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Dendritic cells (DC) have been successfully used in clinical pilot studies to induce tumor-specific immunity as well as clinical response in selected patients. However, DC-based immunotherapy remains a challenge and several parameters need to be examined in order to optimize the induction of anti-tumor immune responses. This study focuses on DC vaccination for leukemia and evaluates the in vitro efficacy of three different strategies for generating antigen-loaded DC-based vaccines for the induction of major histocompatibility complex (MHC) class I-restricted anti-leukemia cytotoxic T lymphocyte (CTL) responses. These included direct fusion of DC with leukemia cells to generate DC-leukemia cell hybrids, and DC pulsed with either apoptotic leukemia cell fragments or whole tumor cell lysates. Using either the U937 cell line or primary human acute myeloid leukemia blasts (AML), DC-leukemia cell hybrids were found to be the most potent in vitro inducers of CTL activity. DC pulsed with apoptotic tumor cell fragments were less efficient, but induced a more potent CTL response compared to tumor lysate-pulsed DC. The CTL responses were both MHC class I-restricted and antigen-specific, as shown by the inability of the CTL to lyse other control targets. The data presented here suggest that the method of antigen loading onto DC may be critical in the design of tumor vaccines.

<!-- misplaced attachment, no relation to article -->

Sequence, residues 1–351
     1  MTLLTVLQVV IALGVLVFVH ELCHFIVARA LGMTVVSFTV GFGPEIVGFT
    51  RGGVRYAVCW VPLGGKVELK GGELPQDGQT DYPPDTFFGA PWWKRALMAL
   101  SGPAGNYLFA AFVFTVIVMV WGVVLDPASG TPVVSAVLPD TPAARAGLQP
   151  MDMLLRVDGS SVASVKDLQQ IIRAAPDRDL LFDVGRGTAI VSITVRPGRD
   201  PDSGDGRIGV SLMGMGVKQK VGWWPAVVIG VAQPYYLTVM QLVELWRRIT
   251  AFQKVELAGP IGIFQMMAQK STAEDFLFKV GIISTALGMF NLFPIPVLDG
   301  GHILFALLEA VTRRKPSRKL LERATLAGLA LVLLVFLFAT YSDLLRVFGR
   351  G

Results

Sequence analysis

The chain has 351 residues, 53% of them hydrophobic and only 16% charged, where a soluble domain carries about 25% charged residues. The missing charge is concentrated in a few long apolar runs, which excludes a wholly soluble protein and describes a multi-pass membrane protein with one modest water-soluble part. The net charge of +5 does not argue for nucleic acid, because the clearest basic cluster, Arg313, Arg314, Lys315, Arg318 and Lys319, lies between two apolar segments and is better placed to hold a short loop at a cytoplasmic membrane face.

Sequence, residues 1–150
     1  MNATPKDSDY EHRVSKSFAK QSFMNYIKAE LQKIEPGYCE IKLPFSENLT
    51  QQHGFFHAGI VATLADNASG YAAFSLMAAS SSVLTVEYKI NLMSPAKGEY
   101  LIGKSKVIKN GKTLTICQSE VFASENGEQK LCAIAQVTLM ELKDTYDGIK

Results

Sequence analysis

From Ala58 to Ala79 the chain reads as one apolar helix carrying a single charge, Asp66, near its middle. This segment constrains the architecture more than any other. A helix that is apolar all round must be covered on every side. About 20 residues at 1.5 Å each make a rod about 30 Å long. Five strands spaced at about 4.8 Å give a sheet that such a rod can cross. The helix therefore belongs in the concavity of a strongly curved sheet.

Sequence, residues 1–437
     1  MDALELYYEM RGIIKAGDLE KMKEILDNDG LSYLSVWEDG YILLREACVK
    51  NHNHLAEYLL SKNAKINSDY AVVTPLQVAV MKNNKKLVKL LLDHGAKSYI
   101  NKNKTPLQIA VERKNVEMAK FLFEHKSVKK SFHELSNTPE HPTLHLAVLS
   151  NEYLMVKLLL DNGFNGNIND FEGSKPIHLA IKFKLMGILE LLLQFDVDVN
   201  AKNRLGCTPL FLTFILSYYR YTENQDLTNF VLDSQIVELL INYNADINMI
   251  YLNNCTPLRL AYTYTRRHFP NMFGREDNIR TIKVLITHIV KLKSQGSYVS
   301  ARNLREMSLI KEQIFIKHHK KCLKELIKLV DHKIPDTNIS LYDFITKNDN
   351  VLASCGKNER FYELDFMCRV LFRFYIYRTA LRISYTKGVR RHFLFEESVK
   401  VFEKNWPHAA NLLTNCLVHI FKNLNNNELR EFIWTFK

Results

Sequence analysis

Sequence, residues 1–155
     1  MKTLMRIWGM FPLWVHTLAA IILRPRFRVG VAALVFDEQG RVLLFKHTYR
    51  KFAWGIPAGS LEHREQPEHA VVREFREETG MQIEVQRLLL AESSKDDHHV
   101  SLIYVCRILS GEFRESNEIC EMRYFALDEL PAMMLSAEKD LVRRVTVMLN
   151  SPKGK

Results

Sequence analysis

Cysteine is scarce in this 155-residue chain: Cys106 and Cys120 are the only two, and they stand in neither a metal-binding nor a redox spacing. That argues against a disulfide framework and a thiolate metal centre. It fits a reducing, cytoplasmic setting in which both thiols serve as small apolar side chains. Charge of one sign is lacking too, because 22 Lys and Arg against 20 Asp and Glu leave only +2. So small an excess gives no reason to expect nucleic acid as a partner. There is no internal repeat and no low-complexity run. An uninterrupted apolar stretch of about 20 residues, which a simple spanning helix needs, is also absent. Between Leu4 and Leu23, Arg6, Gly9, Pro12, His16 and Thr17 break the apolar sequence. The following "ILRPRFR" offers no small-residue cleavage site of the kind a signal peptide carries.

Original publication




Journal article


Cancer immunology, immunotherapy : CII

Publication Date





299 - 310


Department of Molecular Medicine, The Rayne Institute, GKT School of Medicine and Dentistry, 123 Coldharbour Lane, London, SE5 9NU, UK.


Dendritic Cells, T-Lymphocytes, Cytotoxic, Monocytes, K562 Cells, U937 Cells, Hybrid Cells, Humans, Cancer Vaccines, Antigens, Neoplasm, Histocompatibility Antigens Class I, Culture Media, Conditioned, Cell Count, Cell Fusion, Immunophenotyping, Lymphocyte Activation, Cell Differentiation, Phagocytosis, Antigen Presentation, Neoplastic Stem Cells, Leukemia, Myeloid, Acute